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-4

My front and rear wheels needed truing, so I picked up tools to do it. Rims are DT Swiss R460: 20 spokes front, 24 back. Max spoke tension is 1200N. Ouch! 1200N is a reasonable spoke tension for a 36-spoke wheel. To keep 20 spoke wheel in tension, it would need 2160 N tension, and to keep 24 spoke wheel in tension, it would need 1800 N tension. That ...


3

Yes, it’s normal for spoke tension to decrease when the tire is inflated. First of all I’d use much more tension and try to get it more even. Currently you have about 30% difference between slackest and tautest spoke, which is a lot (I’d aim for ~10%, but I’m a perfectionist in that regard). 540N on the slackest rear spoke before you’ve even inflated the ...


2

It's normal. You can corroborate by letting the air out of your tire and measuring then. The whole thing is one of the reasons tension balance is important; outliers that still seem to have a decent amount of tension on them can be brought to slack by this effect. I would work on getting the tension balance tighter. Low spoke count wheels are not forgiving ...


1

The wheel has 32 spokes total, made of steel Good! Although for even better results, 36 spokes would be optimal for 700C (622mm bead seat diameter) wheels. However, using 36 spokes would require new hub and rim. I hope it's stainless steel. If not, you have an opportunity to replace the spokes with stainless ones. each spoke has a width of 2mm across all ...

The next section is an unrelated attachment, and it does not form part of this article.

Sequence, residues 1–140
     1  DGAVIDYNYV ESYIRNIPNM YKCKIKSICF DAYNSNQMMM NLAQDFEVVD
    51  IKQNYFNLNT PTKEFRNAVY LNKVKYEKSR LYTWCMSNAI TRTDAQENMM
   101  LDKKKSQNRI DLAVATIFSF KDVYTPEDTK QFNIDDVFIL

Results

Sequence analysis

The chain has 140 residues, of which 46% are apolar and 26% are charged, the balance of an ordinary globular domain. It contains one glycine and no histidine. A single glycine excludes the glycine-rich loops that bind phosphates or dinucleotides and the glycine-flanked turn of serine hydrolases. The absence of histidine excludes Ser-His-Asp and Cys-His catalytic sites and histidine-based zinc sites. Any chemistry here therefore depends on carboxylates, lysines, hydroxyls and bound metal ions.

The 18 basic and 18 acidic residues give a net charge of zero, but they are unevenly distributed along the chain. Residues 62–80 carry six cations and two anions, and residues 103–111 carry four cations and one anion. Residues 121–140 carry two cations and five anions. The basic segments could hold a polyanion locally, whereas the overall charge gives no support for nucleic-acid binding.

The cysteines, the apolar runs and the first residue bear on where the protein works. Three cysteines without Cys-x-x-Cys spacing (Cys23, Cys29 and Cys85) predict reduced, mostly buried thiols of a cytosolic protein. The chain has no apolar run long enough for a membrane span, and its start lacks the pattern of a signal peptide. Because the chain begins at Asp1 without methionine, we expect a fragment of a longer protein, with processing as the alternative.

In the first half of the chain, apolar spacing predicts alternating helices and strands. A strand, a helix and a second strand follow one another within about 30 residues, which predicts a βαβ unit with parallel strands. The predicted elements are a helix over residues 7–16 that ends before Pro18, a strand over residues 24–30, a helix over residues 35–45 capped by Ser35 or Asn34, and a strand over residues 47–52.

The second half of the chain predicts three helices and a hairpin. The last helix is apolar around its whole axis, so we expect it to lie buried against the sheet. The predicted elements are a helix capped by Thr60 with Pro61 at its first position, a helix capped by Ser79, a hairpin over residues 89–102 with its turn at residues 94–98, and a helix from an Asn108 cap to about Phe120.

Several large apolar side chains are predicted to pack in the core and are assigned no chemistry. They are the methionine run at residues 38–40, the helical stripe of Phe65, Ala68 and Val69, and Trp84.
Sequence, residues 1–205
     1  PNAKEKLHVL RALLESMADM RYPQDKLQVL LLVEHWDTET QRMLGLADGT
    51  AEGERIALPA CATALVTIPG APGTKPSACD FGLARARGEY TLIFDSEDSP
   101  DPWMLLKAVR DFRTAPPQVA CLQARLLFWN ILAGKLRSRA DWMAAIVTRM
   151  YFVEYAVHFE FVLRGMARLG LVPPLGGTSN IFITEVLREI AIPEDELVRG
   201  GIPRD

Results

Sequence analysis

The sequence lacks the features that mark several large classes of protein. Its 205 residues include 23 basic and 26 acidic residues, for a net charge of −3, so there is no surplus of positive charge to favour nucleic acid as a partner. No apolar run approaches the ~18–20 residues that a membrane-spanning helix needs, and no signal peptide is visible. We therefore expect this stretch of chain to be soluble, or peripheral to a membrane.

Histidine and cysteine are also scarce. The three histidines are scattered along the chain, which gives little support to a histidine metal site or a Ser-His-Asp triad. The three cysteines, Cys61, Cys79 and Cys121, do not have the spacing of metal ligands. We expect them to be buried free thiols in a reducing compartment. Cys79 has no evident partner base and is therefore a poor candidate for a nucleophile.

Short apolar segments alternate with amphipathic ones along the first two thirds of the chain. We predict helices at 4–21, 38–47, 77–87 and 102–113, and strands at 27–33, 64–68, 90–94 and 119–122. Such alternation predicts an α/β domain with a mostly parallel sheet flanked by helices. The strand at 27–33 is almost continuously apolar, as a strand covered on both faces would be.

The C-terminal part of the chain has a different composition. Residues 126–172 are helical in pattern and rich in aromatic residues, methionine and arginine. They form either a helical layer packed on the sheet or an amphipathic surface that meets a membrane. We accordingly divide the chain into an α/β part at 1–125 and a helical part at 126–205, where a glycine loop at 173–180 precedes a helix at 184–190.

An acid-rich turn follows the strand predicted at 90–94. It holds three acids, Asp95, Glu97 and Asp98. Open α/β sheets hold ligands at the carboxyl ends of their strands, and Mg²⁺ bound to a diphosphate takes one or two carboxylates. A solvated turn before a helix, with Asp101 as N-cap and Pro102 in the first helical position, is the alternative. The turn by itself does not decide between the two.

8

Another common cause for spoke breakage at the J bend is low spoke tension, or preload. As you ride, the bike momentarily "hangs" from the topmost spokes on the rim. Because its a dynamic changing system, this load hands off to the next spokes around quickly. So every wheel revolution, a spoke is pulled tighter and then relaxed. If the spoke is ...


10

The grooves/enlargement shown at the hub are all normal. The path to a wheel that doesn't break spokes is use premium quality spokes (DT, Sapim, and Wheelsmith are the usual poster children), set their line properly at the rim and hub, and stress relieve them properly during building. Fatigue breakages are almost universally the result of one or more of ...


4

The hub holes are elongated a little bit but I would not be concerned. It seems to me a pretty typical amount of deformation. I would reuse the hub but I would re-lace the hub with the same pattern. It's hard to say why the spokes failed but unless it happens repeatedly I would chalk it up to poor quality or defective spokes, or spokes that got unevenly ...


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